Legal Implications of Road Closures.

Fiona Moss, Associate and Imanpreet Suthar, Trainee in our Corporate and Commercial team describe the legal implications for suppliers following road closures resulting from the recent burst pipes across London and a fuel spillage in Reigate Hill. Road closures are frustratingly inevitable but when this means disruption to, or loss, of business or perhaps causes a supplier to breach stringent delivery obligations, will the supplier be relieved from performance? Just over a week ago the A217 (Reigate Hill) was closed for 2 days for re-surfacing following a two-vehicle collision which resulted in 120 litres of diesel fuel being spilled. Across London, the burst water mains meant that roads were closed making many businesses inaccessible. Road closures such as this can cause problems for commercial suppliers in particular regarding the timing of delivery. Whilst practical advice is to keep abreast of traffic disruptions and seek alternative delivery routes, this is not always possible.

  • If you are a supplier and have been unable to meet your delivery times, your contract will usually govern whether you are liable.
  • If the contract states that delivery must happen at a specified time, this renders time of delivery to be ‘of the essence’. In other words, not delivering on time constitute grounds for terminating the contract, in addition to any other remedies available to the buyer (such as damages).  Many suppliers seek to ensure that delivery obligations are specifically not stated to be ‘of the essence’ and so protecting their position if delivery is delayed by a reasonable amount of time.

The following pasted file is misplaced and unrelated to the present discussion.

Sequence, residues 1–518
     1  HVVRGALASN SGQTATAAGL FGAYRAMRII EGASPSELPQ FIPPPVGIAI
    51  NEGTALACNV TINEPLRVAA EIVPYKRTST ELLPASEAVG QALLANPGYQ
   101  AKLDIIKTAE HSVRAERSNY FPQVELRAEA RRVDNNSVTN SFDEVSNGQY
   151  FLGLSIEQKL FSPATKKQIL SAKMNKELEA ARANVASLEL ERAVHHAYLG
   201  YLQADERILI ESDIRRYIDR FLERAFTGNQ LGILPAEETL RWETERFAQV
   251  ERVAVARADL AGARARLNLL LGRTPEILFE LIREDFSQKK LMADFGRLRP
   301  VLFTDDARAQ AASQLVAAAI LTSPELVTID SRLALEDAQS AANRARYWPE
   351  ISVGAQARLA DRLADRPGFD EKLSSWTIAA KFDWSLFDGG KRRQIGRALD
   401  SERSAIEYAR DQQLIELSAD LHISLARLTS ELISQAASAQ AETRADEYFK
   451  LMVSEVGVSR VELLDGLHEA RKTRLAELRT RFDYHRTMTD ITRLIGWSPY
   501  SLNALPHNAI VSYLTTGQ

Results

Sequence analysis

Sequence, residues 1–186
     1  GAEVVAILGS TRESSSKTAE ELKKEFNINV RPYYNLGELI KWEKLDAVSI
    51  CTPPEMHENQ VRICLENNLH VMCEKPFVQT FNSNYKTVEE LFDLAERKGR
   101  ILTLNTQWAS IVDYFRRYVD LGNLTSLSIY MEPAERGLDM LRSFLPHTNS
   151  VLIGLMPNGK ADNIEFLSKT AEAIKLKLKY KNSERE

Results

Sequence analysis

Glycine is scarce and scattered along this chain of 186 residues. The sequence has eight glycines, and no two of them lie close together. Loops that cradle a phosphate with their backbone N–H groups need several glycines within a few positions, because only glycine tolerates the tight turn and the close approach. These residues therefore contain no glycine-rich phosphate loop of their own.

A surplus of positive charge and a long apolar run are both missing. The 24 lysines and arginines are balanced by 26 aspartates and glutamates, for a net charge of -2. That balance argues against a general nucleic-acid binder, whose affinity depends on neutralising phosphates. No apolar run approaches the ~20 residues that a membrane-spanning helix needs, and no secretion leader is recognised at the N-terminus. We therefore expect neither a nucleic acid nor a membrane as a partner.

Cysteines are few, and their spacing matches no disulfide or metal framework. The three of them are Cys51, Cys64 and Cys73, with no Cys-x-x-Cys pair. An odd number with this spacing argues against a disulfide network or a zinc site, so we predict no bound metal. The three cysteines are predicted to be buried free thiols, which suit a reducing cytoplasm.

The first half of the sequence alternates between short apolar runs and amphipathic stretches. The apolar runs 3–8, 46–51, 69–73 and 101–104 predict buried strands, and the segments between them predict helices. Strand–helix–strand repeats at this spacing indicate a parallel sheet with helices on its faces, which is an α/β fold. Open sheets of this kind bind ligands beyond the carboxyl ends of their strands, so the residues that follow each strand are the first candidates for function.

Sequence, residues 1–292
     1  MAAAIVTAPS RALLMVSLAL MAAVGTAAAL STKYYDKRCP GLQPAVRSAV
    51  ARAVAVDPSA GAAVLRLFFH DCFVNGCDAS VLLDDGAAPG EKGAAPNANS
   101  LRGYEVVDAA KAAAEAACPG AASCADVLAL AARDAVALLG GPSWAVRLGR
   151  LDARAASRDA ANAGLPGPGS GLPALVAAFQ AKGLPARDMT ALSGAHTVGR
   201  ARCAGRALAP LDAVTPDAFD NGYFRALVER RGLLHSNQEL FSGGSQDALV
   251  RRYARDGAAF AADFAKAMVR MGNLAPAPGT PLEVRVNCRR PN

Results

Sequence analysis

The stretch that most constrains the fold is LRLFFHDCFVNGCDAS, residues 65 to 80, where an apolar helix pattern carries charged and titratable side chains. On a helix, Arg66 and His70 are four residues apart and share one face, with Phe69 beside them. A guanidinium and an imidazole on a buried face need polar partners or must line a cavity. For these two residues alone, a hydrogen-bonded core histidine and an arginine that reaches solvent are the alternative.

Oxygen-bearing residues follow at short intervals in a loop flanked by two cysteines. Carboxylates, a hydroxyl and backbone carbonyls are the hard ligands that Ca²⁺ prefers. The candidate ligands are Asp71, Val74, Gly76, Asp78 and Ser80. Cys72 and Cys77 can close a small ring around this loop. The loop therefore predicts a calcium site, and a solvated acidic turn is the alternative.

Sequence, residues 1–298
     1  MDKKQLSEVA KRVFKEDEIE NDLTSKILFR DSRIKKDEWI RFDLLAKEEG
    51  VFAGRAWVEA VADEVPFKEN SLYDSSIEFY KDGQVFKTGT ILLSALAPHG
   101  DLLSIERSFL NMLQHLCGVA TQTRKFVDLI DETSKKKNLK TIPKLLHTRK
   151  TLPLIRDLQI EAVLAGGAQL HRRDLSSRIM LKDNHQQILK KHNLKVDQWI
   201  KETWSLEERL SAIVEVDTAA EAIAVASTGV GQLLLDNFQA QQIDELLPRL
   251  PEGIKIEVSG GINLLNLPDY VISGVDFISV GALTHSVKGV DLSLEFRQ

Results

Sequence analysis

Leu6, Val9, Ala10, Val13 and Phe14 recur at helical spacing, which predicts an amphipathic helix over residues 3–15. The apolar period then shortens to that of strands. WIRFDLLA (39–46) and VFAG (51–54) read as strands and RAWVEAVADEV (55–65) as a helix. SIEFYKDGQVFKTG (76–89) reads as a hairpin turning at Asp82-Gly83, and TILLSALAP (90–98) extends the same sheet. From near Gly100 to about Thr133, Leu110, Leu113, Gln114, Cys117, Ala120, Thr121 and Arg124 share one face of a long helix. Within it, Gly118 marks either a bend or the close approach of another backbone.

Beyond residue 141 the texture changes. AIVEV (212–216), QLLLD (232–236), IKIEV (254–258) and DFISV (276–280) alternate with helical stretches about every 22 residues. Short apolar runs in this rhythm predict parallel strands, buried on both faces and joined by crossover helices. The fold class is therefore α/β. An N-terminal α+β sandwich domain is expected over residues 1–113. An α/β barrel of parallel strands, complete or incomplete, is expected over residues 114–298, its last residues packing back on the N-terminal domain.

• A well drafted agreement will also contain a ‘force majeure’ clause which effectively suspends a party  from performing its contractual duties if certain events occur that are not within the their control. Depending on the wording, the unforeseen closure of a main road due to burst water mains or a fuel spillage could be a force majeure event, However, much will depend on the wording of the clause – many are limited to so called “acts of God” and if the parties wish to these types of event, they will need to be specifically expressed. A well drafted agreement or terms of supply can mean the difference between you being “on the hook” even where you are not on the face of it at fault or proceeding as usual once the disruption has ceased.

Above all, take specialist legal advice to ensure that your business is properly protected. For further information please contact Fiona Moss.

Insights.

Living on a Wage
25th April, 2019

Andrew Knorpel looks at the exceptions and complications which mean that many employers still get payment of the national minimum wage wrong

Don’t Let Procedure Catch You Out
11th April, 2019

Céline Winham looks at a number of recent cases that have highlighted the importance of following a fair procedure when dealing with dismissals, especially in relation to the disciplinary and…

Construction contracts – a guide
3rd April, 2019

Eleanor Griffiths provides an introduction to the key concepts that any home improver, self-builder or developer should consider when starting a project.

Suspension – Hang Them All?
28th March, 2019

Andrew Knorpel looks at serious cases of alleged misconduct and you what to consider if looking to suspend an employee